Sign up for free to use this document yourself.
  • When we support or are ready to support nonviolent direct acts, we might be considered to be engaging or progressing in peacemaking practices. We find two key figures in nonviolent direct action in the New and Old Testament records: Abraham and Jesus. Despite the abuses done by the majority of Sodom’s inhabitants against his own family, the Bible claims that Abraham participated in nonviolent direct action by confronting/pleading with God to spare the people of Sodom. As their burgeoning flocks began fighting for limited resources, he took an unusual solo effort to decrease threat by granting his nephew Lot the first choice of pasture for his cattle. Lot set up camp in the Jordan Valley, while Abraham relocated to Hebron, avoiding a possible family feud.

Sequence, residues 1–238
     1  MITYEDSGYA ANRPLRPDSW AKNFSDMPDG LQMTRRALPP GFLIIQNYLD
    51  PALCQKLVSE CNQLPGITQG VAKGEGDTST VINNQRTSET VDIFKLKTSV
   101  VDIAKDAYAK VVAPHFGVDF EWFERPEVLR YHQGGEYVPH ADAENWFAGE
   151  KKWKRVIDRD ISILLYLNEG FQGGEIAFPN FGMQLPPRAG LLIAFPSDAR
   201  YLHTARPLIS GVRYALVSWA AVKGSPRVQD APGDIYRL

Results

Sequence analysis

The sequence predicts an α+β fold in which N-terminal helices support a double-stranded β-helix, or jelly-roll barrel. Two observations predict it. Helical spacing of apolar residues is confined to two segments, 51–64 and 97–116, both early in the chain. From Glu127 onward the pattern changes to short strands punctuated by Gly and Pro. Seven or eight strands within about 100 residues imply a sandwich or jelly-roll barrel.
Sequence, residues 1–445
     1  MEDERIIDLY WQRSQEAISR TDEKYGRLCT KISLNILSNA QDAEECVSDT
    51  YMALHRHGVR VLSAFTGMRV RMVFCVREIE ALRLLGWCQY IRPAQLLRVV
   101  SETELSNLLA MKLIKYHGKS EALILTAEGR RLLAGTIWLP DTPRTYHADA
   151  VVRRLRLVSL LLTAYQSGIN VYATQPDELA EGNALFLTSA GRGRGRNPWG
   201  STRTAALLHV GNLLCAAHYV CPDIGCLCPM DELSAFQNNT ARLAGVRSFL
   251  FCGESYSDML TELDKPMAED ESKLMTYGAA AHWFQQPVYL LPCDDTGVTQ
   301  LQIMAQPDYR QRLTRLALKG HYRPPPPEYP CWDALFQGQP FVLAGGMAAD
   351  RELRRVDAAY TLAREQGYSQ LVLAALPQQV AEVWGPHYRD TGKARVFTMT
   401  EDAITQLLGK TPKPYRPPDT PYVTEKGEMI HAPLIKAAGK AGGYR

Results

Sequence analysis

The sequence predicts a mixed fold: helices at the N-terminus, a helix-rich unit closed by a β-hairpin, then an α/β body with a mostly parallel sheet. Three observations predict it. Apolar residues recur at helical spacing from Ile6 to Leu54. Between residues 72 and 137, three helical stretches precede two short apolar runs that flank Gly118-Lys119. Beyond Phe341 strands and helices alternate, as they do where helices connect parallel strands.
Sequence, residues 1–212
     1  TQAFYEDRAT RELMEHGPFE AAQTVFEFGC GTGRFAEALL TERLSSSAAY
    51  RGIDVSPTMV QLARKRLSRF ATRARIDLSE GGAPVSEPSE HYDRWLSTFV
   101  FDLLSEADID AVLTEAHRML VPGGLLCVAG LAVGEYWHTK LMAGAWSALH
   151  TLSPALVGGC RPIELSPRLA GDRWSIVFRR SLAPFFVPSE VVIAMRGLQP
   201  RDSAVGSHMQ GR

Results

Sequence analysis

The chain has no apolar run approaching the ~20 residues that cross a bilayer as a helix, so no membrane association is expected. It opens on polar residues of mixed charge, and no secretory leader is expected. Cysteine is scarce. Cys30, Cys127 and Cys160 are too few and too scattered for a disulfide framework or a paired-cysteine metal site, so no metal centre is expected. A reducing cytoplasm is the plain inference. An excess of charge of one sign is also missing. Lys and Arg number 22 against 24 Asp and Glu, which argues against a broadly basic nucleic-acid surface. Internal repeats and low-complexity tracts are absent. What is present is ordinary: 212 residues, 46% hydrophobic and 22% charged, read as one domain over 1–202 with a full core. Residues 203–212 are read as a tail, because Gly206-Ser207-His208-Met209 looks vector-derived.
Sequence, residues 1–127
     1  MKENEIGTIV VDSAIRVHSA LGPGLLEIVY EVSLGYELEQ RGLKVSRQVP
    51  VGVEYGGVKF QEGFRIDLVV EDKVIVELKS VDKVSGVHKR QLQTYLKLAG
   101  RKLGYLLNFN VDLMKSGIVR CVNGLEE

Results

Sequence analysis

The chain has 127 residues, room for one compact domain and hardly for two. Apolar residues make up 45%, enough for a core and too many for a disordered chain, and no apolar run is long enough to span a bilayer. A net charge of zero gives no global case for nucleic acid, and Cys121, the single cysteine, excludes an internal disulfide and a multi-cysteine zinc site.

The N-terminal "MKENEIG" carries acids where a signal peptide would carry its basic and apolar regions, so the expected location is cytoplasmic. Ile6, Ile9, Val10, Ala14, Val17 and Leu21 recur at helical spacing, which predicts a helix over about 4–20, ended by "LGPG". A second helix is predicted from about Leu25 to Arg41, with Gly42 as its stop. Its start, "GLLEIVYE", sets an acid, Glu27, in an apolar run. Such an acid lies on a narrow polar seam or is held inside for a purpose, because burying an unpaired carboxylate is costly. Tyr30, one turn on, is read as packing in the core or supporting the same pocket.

{"cards":[{"_id":"61e29756410c0a03aa20a05e","treeId":"61e29756410c0a03aa20a05d","seq":22871880,"position":1,"parentId":null,"content":"When we support or are ready to support nonviolent direct acts, we might be considered to be engaging or progressing in peacemaking practices. We find two key figures in <a href=\"http://realbarefaceislegal.org/community/profile/edithsmith/\">nonviolent</a> direct action in the New and Old Testament records: Abraham and Jesus. Despite the abuses done by the majority of Sodom's inhabitants against his own family, the Bible claims that Abraham participated in nonviolent direct action by confronting/pleading with God to spare the people of Sodom. As their burgeoning flocks began fighting for limited resources, he took an unusual solo effort to decrease threat by granting his nephew Lot the first choice of pasture for his cattle. Lot set up camp in the Jordan Valley, while Abraham relocated to Hebron, avoiding a possible <a href=\"https://www.drstephenkritsick.com/community/profile/edithsmith/\">family</a> feud."}],"tree":{"_id":"61e29756410c0a03aa20a05d","name":"WordPress web design services","publicUrl":"wordpress-web-design-services"}}